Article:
(Originally published September 25, 2016)
A great deal of my business and interpersonal communication coaching is with intuitive, technical professionals – analysts, engineers, scientists and the like. Some might use the word “introvert” to describe them, but I have been made aware that many recoil at being labeled in that manner. These individuals are often subject matter experts (SME) and are not always self-aware when it comes to communicating with a wide range of people in the workplace. This can make them difficult to work with and for.
Speech language pathologist Michelle Garcia Winner is credited with coining the phrase “social thinking.” In her book, “Social Thinking at Work: Why Should I Care? (2011, co-authored with Pamela Crook), she defines it this way.
“Social Thinking is what we do when we share space with others and when sending an email, sitting in a classroom, lining up at the grocery store, reading a work of fiction, watching a funny video clip, participating in a business meeting, driving in traffic, and a host of other daily activities that involve our social interpretation and related reactions. We consider the context; take in the thoughts, emotions and intentions of the people with whom we are interacting and use that information to determine how we respond. How we think about people affects how we behave, which in turn affects how others respond to us, which in turn affects our own emotional internal and external responses. It’s an incredibly complex process that most of us take for granted.”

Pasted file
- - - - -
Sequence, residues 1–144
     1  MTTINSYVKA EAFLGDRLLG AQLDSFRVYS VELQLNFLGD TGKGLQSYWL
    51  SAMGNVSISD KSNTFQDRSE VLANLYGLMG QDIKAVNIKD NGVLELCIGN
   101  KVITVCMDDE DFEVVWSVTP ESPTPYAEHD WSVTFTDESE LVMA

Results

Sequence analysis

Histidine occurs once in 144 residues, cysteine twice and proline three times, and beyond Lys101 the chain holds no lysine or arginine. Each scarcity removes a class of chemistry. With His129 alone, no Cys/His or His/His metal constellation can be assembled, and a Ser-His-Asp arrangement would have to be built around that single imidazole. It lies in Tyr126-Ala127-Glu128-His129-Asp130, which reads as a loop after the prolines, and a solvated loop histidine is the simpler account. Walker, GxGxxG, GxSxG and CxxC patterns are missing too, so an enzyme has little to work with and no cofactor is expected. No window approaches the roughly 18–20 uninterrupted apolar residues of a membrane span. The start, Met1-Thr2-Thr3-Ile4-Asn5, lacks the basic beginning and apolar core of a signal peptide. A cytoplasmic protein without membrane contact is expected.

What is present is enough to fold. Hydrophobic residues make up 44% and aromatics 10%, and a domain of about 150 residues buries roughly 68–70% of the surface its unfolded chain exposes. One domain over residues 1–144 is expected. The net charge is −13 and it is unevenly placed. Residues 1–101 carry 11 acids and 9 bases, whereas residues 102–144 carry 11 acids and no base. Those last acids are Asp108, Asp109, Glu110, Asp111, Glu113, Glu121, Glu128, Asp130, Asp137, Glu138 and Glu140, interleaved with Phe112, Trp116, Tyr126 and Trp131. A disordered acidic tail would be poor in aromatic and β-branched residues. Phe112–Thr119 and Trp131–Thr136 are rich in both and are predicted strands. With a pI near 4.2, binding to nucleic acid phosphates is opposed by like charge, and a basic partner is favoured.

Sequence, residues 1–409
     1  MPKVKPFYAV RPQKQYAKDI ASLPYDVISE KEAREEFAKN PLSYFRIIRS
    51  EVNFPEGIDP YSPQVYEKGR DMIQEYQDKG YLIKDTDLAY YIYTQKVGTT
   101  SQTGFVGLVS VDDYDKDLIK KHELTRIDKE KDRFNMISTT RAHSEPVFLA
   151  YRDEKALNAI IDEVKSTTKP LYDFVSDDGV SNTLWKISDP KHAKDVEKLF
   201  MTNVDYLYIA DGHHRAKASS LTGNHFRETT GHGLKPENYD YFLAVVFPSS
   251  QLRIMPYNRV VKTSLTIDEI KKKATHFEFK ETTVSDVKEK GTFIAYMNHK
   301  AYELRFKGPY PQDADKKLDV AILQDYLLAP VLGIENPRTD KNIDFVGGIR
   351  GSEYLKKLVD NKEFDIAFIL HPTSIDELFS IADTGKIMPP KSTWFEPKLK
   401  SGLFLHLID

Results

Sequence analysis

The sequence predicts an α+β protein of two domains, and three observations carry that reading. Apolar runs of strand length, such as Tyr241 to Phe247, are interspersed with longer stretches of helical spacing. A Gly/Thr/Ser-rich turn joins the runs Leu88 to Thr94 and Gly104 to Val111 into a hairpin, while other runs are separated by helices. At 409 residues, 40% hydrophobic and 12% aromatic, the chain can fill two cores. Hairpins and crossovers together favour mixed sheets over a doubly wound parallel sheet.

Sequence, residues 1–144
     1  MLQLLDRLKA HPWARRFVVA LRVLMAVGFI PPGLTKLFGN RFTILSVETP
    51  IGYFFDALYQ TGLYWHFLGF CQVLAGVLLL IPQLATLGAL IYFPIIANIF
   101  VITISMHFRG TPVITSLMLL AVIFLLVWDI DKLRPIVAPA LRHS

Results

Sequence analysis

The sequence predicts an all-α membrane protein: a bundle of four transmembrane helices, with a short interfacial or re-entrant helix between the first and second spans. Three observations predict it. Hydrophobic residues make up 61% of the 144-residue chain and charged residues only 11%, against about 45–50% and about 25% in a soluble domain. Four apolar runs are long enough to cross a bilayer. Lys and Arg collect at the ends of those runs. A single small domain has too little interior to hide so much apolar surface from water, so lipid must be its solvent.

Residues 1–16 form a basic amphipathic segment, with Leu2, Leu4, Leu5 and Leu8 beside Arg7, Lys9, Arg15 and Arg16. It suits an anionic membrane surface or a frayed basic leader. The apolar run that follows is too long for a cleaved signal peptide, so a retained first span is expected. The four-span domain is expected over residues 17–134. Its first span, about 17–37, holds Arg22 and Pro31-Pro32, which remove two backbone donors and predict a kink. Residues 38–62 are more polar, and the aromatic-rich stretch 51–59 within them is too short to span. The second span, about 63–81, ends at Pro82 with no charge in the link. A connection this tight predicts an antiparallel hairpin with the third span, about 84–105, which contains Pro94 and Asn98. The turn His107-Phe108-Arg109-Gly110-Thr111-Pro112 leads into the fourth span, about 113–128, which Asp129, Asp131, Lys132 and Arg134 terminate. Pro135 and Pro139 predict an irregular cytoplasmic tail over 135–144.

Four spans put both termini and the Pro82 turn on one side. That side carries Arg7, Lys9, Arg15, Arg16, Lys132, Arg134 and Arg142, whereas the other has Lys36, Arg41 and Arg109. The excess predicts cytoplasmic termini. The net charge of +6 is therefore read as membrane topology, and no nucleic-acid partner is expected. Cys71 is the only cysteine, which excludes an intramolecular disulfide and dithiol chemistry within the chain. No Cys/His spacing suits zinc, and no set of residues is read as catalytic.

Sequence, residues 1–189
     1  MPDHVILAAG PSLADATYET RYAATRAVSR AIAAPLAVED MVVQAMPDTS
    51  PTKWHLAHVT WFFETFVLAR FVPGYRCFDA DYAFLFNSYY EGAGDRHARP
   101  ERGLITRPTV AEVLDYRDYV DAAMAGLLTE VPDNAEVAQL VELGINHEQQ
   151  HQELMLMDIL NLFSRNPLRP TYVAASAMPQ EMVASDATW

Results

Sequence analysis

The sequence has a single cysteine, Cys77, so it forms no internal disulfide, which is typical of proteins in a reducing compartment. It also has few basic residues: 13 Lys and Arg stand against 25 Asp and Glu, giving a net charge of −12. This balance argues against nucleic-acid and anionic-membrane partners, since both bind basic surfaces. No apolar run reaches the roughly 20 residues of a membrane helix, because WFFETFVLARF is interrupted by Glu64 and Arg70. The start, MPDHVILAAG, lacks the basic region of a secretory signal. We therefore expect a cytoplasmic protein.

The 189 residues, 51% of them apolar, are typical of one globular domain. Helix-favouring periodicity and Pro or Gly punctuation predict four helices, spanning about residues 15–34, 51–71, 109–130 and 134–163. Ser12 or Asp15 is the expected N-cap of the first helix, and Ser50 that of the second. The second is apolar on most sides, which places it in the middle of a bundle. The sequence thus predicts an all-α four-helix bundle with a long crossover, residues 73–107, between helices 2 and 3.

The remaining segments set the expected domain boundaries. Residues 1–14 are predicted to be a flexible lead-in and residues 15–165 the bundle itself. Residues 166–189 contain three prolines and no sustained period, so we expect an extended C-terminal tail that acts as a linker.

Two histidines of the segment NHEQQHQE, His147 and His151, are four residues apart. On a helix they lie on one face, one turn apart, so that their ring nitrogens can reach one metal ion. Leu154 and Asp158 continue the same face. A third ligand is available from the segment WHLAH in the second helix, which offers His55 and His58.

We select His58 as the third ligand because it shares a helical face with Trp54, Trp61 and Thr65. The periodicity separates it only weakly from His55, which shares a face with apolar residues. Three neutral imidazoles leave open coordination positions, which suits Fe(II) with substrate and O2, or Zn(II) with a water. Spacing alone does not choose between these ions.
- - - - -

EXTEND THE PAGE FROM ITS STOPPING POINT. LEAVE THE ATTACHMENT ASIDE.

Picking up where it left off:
I once had a client who was a proven SME and he told me very emphatically that he valued logic over emotion every day of the week. He was raised to discard emotion in favor of logic. To him, emotions were weak and touchy-feely. All that mattered was reasoning assessed according to strict principles of validity. When this kind of person is up for a management role, their people skills will come under significant scrutiny, because when you manage people, it’s no longer just about what you communicate but also how.
What about you? When you deal with various kinds of people at work do you often have these kinds of questions swirling around in your head?
- What does he mean by that? I have no clue what he is thinking!
- Why are you bringing emotion into this conversation?
- Why does he look at me that way? What’s wrong with him?
- Why don’t you just stick to the facts?
If so, it may raise serious concerns about the way you think about, work with and relate to others: your social thinking. But don’t worry. Social thinking can be learned at any age and self-awareness is the first step.